“This would greatly help a startup brewery, such as Creature Comforts, grow more rapidly, in turn generating more tax revenue and jobs, a win-win,” says David Stein, who is opening a microbrewery in the Snow Tire building downtown. “A good question to ask is, ‘What is the downside?’ Not much, in my opinion. Many, if not most, other states allow a production brewery to sell their beer from the brewery directly to the consumer, and everyone on each tier is doing just fine.”

Senate Bill 174 and HB 314 also would allow brewpubs, in addition to breweries, to sell beer for off-premises consumption. Copper Creek manager Chelsie Anglin says she is not sure if that local brewpub would qualify. “If we’re able to, I think we definitely will, but I’d have to check on the details,” Anglin says.

The legislature’s relatively newfound willingness to (metaphorically) touch alcohol shows the state has clearly changed since 2004, when lawmakers first allowed high gravity microbrews and imports to be sold here. Under former Gov. Sonny Perdue, churches successfully kept a law banning retail alcohol sales on Sundays on the books, but when Deal took office in 2011, he declared, “I don’t drink. I simply believe in democracy,” and communities like Athens across the state voted to legalize Sunday sales.

“The door got kicked down on that one, and the floodgates opened, in a sense, which is good,” Smith says. “It’s common-sense legislation we sorely need.”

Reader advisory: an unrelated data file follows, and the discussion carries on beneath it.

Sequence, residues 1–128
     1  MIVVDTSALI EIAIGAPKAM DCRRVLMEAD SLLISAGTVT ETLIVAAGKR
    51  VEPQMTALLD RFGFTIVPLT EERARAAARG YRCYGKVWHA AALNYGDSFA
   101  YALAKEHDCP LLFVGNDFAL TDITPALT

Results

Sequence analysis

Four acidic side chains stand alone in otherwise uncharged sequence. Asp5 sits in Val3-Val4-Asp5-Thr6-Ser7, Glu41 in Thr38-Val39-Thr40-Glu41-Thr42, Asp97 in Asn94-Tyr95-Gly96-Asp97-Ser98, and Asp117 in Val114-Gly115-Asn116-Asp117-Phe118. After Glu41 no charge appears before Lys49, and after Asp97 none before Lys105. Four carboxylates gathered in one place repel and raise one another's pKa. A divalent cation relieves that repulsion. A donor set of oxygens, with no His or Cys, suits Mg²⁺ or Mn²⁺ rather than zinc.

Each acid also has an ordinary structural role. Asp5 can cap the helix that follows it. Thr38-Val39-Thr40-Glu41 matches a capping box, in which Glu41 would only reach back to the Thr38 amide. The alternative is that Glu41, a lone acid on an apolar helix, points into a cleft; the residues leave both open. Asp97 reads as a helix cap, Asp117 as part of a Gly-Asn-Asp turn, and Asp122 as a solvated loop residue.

In other Southern states, religious objections complicated the issue. “We’re just completely opening up the whole state to alcohol—every family, every home, every block,” Republican Rep. Arthur Payne said recently while debating homebrewing in Alabama, according to an article in Statewire, a nonprofit government news agency. “I represent a district that has a strong family unit, and we don’t want to flood our neighborhoods with alcohol.”

Christian groups didn’t object to the alcohol bills the Georgia legislature considered earlier this year, according to state Sen. Frank Ginn (R-Danielsville). “The Bible doesn’t speak about alcohol as a sin. It’s the excess,” he says. “Obviously, we want people to do things in moderation.”

The main obstacle now is companies like Anheuser-Busch InBev, the Belgian giant that owns such popular brands as Budweiser, Corona, Beck’s and Michelob, says Frye, who is cosponsoring House Bill 314, the microbrewery/brewpub bill. The three-tier system “was put into place to protect consumers, but now it only protects big business interests,” Frye says. “It doesn’t protect the little guy.”

Backers of alcohol-related bills, especially conservatives, have succeeded by arguing that loosening blue laws will create jobs and reduce the size of government. “This is probably the most pro-liberty, pro-freedom bill we have passed this session, and it will have a very positive economic impact on the state,” says Rep. Jason Spencer (R-Woodbine), the author of HB 99. 

Although supporters also call HB 314 an economic development measure that will create jobs, Frye is not optimistic that it will pass next year. “This type of change is going to take a long time,” he says.

In the Senate, Regulated Industries Committee Chairman Jack Murphy (R-Cumming) has assigned a study committee to explore the issues raised by SB 174 and SB 169—the bill to allow establishments to serve samples—before the legislature reconvenes in January. “They’re still alive,” says Ginn, the vice chairman of Regulated Industries. “We’re trying to find out what the impact on the state will be.”